Philosophers have wondered for centuries whether someone who was blind from birth would “see” the world in the same way as people with normal vision. After all, there’s much more to perceiving the world than properly functioning eyes. Think of it: otherwise all you’d need to do is strap a camcorder to a car and you’d never have to learn how to drive!
But there are surprisingly few cases of people who were born completely blind and then had their sight restored after many years of blindness. If a patient can be cured, it’s usually done quite early in life. But a few cases have emerged in recent years, the most promising of which was a woman from India who goes by the initials S.R.D. She was born almost completely blind, able to tell day from night but otherwise unable to perceive anything visually. At the age of 12, she underwent surgery to correct her vision, which was successful in one eye. Almost overnight she was able to experience a whole new visual world, and she has had vision that was correctable to near-normal for the past 20 years.
Although researchers weren’t aware of S.R.D.’s case until recently, her mother told a team led by Yuri Ostrovsky that it took several months for her daughter to be able to recognize basic objects and navigate the world using sight. Eventually she completed seven years of school, married, and now works as a maid. She can get around her town by herself and walks without a cane.
But what Ostrovsky’s team wanted to know was whether S.R.D.’s visual system was truly normal. Using a laptop computer, they gave her ten different tests of the visual system, including visual memory, shape matching, depth perception, face/nonface discrimination, face identification, and gaze estimation. They gave the same test to another woman from India who had accurate vision and the same education level and social status. They also tested several Americans with similar visual acuity to S.R.D. (about 20/200).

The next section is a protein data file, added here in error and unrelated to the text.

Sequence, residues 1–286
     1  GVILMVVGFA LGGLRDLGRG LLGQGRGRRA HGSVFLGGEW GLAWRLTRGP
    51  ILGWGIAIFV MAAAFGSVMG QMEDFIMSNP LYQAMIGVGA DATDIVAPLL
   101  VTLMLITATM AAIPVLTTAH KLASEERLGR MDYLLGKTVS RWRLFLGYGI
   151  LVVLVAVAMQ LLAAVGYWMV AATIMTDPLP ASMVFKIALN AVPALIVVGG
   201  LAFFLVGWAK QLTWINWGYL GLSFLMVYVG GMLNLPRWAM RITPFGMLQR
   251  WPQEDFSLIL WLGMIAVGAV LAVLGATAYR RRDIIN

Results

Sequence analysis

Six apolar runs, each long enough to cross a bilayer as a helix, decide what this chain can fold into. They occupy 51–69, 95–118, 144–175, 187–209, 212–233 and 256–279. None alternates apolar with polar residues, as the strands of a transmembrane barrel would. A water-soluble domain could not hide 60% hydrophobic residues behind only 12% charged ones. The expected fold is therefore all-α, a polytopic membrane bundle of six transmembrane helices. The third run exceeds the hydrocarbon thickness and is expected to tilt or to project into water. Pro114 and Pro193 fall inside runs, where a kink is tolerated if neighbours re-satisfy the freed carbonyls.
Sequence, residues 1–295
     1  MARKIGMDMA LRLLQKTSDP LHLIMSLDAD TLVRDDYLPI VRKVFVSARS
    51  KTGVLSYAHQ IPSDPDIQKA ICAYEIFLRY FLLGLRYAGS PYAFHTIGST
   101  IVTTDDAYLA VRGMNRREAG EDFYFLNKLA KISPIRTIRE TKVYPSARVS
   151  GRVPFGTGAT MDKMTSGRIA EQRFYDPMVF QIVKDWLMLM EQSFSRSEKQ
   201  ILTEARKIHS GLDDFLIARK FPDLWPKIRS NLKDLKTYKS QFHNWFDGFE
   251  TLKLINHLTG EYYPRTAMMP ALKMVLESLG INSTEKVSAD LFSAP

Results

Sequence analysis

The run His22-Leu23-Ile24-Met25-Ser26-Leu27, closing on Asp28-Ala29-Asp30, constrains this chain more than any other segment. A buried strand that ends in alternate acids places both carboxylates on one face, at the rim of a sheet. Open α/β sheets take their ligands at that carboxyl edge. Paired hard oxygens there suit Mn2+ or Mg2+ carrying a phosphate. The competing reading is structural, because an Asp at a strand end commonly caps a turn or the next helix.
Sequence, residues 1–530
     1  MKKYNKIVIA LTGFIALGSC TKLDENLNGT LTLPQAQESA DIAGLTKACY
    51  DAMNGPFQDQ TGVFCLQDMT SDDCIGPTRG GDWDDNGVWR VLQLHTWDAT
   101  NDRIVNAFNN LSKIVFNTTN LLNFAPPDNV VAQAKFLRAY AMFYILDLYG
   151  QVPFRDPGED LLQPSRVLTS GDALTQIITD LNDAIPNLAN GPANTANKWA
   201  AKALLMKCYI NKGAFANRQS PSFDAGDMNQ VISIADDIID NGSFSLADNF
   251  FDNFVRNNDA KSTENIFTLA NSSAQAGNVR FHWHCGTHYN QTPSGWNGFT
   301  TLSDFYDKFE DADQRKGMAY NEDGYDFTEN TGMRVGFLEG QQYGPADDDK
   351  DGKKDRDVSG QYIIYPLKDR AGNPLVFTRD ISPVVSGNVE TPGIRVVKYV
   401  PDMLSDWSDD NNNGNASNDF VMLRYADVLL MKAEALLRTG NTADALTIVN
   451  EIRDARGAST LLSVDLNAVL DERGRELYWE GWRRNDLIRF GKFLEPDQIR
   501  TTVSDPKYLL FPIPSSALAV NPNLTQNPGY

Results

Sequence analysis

Overall, the researchers found that S.R.D. could complete nearly all of the tasks just as accurately as the others, although anecdotally it took her about 5 to 10 seconds longer than the people who had never experienced blindness. There were two exceptions. She wasn’t quite as good at recognizing faces (though she still was more than 75 percent accurate), and she had a peculiar difficulty in judging gaze direction. Take a look at these photos:
For photo 1, S.R.D. would accurately say that I’m looking to the left, just like everyone else would. But in photo 2, she wouldn’t be able to perceive that I’m also looking to the left. She could only judge gaze direction based on head orientation, not eye orientation. Even people with equally poor visual acuity as S.R.D. were easily able to do this task. We’ve discussed gaze direction before, and it looks like what S.R.D. is doing is defaulting to the most basic system for judging gaze — head orientation. People who’ve always had normal vision still make mistakes when the eye-orientation and head-orientation conflict. Somehow S.R.D. just never learned to use eye-orientation when head-orientation is ambiguous.
Still, all in all, S.R.D.’s vision was strikingly normal, even after being completely blind for the first 12 years of her life!
Update: Michael Bach and others bring up an interesting point in the comments. There have actually been several studies of individuals who have had sight restored after being born blind. But S.R.D.’s case is unique because of the length of her visual deprivation and the time that passed since vision was restored. Take a look at this graph from the article:
It shows both of these factors for a number of different studies, and as you can see, in all other cases, either the study was conducted very shortly after vision was restored, or the individual didn’t experience blindness for a very long time. Finding a case like S.R.D.’s is quite unusual!
Yuri Ostrovsky, Aaron Andalman, Pawan Sinha (2006). Vision Following Extended Congenital Blindness Psychological Science, 17 (12), 1009-1014 DOI: 10.1111/j.1467-9280.2006.01827.x